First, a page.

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Writing that Pops: Neil Gaiman

The more I think about it, the more I think that what separates a good writer from a great writer is how they put together a sentence. That is, it’s not the story, but how they tell it. Many have argued that there are only so many story structures or patterns. Robert Heinlein wrote that there were three: 1) boy-meets-girl, 2) The Little Tailor (that is, the man who succeeds against great odds, or its converse, the great man brought low), and 3) the-man-who-learns-better. The blog Murderati has a different list – and a nice discussion on the structures of stories here. If there are only a limited number of story structures, then how the story is told is what makes each version of the story unique.

With this in mind, I’m going to do something new. I’m going to pick out a specific passage by one of my favorite writers and talk about why it’s an exceptional piece of writing. For me, these passages are inspirational. Hopefully they will be for you as well…

To begin, if humanity is still around 100 years from now, the general consensus will be that Neil Gaiman was one of the greatest writers of the late 2oth/early 21st century, regardless of genre. The passage of time will let prejudices against comic book writers and genre fiction* fade, and Gaiman’s beautiful prose will remain.

To illustrate Gaiman’s talent, I will first rewrite one of my favorite passages from Neverwhere. I’ll strip it down to its essential content and  summarize what Gaiman wrote in the plainest way I can. Then I’ll show the original passage…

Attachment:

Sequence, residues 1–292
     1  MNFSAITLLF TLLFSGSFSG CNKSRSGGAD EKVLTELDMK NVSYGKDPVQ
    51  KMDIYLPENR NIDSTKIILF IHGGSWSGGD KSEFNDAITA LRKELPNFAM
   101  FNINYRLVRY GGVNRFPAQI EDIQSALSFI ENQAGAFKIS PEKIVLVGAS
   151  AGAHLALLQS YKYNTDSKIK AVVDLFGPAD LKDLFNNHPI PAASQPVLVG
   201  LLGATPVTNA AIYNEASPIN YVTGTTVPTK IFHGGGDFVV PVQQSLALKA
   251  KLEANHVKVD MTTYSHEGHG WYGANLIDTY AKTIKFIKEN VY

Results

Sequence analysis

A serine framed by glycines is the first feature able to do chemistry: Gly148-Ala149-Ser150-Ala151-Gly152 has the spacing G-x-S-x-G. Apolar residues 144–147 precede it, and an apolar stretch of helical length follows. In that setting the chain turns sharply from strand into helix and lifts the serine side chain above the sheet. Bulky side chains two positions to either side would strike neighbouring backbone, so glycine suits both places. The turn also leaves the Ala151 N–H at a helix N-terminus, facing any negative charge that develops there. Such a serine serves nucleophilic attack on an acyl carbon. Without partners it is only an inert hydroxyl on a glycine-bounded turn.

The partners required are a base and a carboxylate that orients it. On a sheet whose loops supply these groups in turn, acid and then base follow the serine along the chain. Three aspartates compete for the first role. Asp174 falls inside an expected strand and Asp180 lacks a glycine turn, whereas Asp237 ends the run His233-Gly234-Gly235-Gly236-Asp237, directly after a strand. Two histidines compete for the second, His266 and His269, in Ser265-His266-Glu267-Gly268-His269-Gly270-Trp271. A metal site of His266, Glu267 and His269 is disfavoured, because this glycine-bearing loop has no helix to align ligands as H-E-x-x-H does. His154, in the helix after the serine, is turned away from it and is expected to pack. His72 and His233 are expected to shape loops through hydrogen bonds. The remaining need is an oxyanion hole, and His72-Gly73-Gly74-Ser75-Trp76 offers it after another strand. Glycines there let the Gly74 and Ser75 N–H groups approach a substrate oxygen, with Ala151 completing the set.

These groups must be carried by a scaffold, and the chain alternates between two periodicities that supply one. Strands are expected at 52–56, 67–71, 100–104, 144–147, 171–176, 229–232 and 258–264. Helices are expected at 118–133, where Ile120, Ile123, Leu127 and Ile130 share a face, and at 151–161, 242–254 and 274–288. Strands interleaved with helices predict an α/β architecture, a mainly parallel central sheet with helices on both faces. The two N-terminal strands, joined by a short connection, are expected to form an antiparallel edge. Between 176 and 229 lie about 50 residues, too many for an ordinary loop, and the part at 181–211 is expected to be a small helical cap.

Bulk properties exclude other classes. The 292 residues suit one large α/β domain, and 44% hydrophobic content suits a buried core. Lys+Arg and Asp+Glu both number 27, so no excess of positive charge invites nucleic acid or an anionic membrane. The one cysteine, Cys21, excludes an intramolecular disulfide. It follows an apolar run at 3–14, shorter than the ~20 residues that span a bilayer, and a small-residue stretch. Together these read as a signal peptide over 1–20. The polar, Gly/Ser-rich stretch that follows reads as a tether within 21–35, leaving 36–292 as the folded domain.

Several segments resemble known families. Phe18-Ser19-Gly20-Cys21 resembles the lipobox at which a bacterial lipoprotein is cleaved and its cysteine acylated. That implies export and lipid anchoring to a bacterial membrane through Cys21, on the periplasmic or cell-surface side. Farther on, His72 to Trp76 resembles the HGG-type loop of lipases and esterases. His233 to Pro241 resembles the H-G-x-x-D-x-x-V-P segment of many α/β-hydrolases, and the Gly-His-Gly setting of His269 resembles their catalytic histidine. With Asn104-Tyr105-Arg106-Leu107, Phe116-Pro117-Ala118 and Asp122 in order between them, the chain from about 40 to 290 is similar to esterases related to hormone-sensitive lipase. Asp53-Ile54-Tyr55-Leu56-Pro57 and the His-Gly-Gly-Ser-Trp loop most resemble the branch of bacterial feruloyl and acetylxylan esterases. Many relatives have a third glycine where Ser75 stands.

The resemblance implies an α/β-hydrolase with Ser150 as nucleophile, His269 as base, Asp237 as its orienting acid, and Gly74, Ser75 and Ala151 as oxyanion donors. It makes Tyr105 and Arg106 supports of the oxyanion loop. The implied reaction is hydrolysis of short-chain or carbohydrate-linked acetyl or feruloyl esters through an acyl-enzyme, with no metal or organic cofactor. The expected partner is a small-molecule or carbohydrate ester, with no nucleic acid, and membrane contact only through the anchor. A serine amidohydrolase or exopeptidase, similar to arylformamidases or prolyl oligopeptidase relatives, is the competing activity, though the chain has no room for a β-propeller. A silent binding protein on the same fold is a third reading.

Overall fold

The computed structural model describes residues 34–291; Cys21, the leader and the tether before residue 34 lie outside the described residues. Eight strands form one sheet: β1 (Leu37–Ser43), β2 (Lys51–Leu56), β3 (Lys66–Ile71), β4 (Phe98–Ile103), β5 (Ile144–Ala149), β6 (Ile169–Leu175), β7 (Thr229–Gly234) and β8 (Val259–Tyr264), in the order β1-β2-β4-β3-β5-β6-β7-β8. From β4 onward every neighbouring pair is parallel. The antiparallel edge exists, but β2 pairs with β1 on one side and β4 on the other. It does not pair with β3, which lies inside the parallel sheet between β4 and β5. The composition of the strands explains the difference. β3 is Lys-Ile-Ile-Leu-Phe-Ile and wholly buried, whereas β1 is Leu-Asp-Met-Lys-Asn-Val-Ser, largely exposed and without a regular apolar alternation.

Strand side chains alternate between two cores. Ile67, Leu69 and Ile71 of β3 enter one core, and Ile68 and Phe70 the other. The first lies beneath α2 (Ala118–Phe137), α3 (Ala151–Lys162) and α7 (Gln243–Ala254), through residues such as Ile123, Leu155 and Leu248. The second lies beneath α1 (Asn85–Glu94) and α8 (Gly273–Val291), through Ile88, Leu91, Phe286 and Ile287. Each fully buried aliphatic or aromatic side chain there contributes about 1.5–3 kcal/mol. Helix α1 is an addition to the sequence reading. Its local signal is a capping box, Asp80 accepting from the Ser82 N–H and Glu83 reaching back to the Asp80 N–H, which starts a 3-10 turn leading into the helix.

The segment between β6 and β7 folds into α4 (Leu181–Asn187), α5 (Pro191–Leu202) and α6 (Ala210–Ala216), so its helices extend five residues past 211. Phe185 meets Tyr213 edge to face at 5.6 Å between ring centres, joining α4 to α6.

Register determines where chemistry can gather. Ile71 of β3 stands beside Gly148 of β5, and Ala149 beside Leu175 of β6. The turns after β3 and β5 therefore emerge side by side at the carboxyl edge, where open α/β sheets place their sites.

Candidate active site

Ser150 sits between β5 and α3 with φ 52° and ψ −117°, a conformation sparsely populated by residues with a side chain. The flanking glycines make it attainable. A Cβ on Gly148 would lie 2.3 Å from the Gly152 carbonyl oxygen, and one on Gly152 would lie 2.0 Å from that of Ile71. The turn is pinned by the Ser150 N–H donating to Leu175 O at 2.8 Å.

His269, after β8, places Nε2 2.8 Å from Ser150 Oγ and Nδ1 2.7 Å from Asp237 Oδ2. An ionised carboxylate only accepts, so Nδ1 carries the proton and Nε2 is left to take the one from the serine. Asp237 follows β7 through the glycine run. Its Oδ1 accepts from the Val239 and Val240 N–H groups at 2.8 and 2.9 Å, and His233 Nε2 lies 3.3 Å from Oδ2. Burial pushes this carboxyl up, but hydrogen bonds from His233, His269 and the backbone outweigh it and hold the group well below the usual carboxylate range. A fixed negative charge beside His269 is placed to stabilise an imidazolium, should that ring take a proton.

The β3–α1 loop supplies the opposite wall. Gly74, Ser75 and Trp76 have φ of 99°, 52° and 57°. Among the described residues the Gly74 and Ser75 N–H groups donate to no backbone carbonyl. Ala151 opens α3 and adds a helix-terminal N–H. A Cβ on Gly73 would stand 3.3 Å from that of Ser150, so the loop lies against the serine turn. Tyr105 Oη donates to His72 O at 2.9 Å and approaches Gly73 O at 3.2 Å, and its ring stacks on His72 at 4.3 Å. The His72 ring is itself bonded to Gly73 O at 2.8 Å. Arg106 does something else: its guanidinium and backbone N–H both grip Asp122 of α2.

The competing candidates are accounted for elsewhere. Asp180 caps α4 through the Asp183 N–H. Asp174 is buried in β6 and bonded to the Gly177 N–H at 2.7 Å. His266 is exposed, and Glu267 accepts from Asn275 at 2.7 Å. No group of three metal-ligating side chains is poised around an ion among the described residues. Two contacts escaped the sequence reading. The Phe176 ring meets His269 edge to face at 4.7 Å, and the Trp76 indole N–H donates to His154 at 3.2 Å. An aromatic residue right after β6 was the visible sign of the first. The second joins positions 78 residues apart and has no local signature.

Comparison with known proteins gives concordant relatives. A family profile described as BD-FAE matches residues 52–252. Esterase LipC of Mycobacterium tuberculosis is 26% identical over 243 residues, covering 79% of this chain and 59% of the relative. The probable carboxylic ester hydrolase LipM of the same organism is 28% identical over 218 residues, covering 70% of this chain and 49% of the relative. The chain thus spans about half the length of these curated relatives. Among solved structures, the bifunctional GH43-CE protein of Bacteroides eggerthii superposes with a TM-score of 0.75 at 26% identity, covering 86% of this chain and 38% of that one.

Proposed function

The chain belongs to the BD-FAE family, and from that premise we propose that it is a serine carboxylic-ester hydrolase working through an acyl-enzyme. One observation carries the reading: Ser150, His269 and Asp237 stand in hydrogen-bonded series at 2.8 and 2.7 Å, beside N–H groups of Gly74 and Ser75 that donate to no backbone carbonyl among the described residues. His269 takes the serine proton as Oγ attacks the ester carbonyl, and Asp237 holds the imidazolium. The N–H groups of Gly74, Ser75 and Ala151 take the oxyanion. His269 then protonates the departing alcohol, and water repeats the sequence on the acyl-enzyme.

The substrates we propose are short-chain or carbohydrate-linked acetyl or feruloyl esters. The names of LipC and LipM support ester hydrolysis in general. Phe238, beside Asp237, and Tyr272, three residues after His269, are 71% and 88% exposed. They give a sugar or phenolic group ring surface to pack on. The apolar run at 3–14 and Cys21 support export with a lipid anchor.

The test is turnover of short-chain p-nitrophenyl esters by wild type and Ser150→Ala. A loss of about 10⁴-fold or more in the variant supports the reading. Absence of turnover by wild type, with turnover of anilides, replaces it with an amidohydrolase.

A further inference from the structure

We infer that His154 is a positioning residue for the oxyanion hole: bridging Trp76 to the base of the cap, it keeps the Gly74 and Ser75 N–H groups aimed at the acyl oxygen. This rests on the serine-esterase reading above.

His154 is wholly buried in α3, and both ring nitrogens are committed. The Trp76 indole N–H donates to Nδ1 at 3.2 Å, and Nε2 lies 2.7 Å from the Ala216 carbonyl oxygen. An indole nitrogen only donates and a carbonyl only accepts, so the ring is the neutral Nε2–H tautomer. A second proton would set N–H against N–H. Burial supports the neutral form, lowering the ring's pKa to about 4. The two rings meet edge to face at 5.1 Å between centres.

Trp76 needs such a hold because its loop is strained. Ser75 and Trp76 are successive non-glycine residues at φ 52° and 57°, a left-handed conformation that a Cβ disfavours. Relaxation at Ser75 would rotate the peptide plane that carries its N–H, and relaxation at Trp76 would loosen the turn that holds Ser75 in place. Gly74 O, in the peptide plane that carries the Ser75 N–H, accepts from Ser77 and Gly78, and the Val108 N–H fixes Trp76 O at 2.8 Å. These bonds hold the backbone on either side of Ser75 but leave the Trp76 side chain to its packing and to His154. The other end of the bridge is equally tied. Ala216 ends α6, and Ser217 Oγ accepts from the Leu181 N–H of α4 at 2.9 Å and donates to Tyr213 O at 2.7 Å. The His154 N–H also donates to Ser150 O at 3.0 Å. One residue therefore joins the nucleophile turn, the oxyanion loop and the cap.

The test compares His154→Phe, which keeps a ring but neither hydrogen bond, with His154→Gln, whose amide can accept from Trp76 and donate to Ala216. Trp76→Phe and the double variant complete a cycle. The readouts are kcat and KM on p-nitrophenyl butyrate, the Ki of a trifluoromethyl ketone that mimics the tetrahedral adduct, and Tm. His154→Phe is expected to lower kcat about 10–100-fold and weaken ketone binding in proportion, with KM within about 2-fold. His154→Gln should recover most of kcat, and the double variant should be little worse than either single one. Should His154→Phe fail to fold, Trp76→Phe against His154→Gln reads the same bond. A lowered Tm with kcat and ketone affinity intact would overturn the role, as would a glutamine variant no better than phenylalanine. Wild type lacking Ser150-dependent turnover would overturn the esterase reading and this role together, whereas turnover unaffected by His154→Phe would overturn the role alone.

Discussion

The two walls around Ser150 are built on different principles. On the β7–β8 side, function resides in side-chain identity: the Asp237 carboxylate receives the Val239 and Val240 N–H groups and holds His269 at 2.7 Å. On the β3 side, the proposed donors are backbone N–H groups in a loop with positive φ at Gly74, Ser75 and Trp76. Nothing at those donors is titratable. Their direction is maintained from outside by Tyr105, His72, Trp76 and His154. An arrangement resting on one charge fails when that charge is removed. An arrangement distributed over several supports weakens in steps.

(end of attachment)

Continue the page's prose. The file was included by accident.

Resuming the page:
When it rains it pours. Or, everything always seems to happen at once.

And now Gaiman:

Richard had noticed that events were cowards: they didn’t occur singly, but instead they would run in packs and leap out at him all at once.

This is just brilliant. First, it uses a very nice personification. Who hasn’t felt that “events” are sentient — that they get together at the corner bar and decide how they can really mess up your life in one fell swoop? I know I have.

Second is its style. I find that Gaiman’s stories, even the most modern, have a fairy-tale feel. Not simply because of the supernatural or fantastical elements they contain, but also because they give a sense that the reader is sitting by a fire, with a time-worn elder telling the tale. The sentence is a perfect example. Gaiman sets out a truism, and then proceeds in the following pages to provide a superlative example of that truism. Now, one could edit out the sentence and the following pages would make perfect sense. The plot would still be sound and the characters would still be themselves, but it would take out that “something” that makes the story special. Gaiman has a unique voice; it would be hard to mistake one of his stories for some other author’s. And that is why his writing pops.

*In my not so humble opinion, literary fiction is a genre, just like mystery, romance, or science fiction; it has its own rules and conventions that must be followed. I won’t mention any names, but seriously how many times in literary fiction do we meet middle-aged white men who have lost their passion for their wives, feel their jobs are soul-crushing, and that They. Must. Do. Something…Someday, I’ll have to write a full post on this topic.

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